Unsafe Temperatures & Pregnancy: Lower Your Risks for Preterm Delivery
A freezing cold winter or a scorching summer day is no picnic for anyone, but researchers at the National Institutes of Health found preterm deliveries were associated with pregnant women who were exposed to extreme temperatures within their first seven weeks of pregnancy. The risk for early labor was also noted when pregnant women were exposed to extreme heat for the majority of their pregnancy. Here’s what you need to know about unsafe temps while pregnant and how to stay safe:
How Hot and How Cold?
A 2016 study published in the Environmental Health Perspectives linked 223,375 births at 12 clinical centers throughout the US to hourly temperature records for the region surrounding each center. Each location was taken into consideration for climate variability. In addition, women will have varying degrees of what constitutes too hot or too cold, so the researchers defined extreme cold temperatures as below the 10th percentile of average temperatures, and defined extreme heat as above the 90th percentile. Although it isn’t clear why extreme temperatures may cause a preterm risk for delivery, researchers speculate the stress of extreme temperatures could impede the development of the placenta or alter blood flow to the uterus, which could lead to early labor.
Baby, It’s Frigid Outside!
The study found that women exposed to extreme cold during the first seven weeks of pregnancy were at a 20 percent higher risk of preterm delivery before 34 weeks of gestation, and 9 percent increased risk of preterm birth between weeks 34 and 36. Stay indoors when the temperatures fall dangerously low. It could be a great opportunity to nest or just relish some me-time with Netflix and a bowl of popcorn. If your early pregnancy months are in the winter, get a down coat and dress in layers. Longer coats will also help keep your legs warm. Wear wool socks and insulated-lined snow boots. A lot of heat can escape through your head, so a wool hat is a must as well as scarves and insulated gloves.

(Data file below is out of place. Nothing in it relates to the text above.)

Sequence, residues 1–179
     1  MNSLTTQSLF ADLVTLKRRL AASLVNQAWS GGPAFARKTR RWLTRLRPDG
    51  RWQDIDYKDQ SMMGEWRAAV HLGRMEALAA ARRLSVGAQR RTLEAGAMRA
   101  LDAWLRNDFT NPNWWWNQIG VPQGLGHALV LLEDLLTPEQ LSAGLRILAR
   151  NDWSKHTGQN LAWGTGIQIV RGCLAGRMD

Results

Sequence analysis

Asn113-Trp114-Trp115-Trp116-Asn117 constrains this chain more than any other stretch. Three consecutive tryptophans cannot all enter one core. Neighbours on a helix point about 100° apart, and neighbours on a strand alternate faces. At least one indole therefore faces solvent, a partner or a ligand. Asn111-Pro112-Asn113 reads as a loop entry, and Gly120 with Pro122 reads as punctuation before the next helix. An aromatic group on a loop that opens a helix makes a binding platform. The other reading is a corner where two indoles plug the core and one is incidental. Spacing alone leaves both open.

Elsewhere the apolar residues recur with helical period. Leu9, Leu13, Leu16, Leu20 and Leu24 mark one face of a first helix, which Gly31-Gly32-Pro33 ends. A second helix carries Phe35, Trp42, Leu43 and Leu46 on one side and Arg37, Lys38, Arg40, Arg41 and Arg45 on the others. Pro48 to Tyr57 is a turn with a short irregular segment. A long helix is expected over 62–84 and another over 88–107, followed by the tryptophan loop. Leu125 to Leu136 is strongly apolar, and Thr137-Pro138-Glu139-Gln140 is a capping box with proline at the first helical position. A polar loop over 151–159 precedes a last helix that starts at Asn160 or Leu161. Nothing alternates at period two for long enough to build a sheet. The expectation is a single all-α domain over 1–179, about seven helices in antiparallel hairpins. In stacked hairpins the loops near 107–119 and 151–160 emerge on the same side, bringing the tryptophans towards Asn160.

Researchers found more women had early labor when they were exposed to extreme heat versus extreme cold.While it’s fairly easy to warm up when it’s cold but adding extra layers, but when it’s hot, pregnant women may be inclined to just bear it, especially if the cost of running air conditioning is too high or air conditioning isn’t available. So cooling down is just harder to do.
The early weeks of your pregnancy are the most crucial. If exposed to extreme heat in the first seven weeks, women had an 11 percent increase in preterm birth before 34 weeks and a 4 percent increased risk for delivery at 37 or 38 weeks. In addition, women who suffered extreme heat conditions for the majority of their pregnancy had an increased risk of preterm delivery at 34 weeks.
Keep Your Cool
Pregnant women naturally have a slightly higher body temperature than non-pregnant women so when temperatures rise, it’s even more uncomfortable. If possible, stay indoors with air conditioning. If you don’t have air conditioning, then use fans and make sure ceiling fans are spinning counterclockwise to create a cooler down flow. Use a cool washcloth on your face, neck, and the top of your head to keep cool and comfortable. Hand-held battery-operated spritz fans are also convenient for home and travel. Drink plenty of fluids to stay hydrated.
When in Doubt, Stay Indoors
More research is needed to determine what exactly causes preterm labor in women who are exposed to extreme temperatures but in the meantime, it’s wise to just avoid any prolonged exposure to scorching hot and freezing cold days by staying indoors.
Do you live in a place with extreme temperatures? How do you plan on staying comfortable during your pregnancy? Share your tips with us!Tags : pregnancy health safety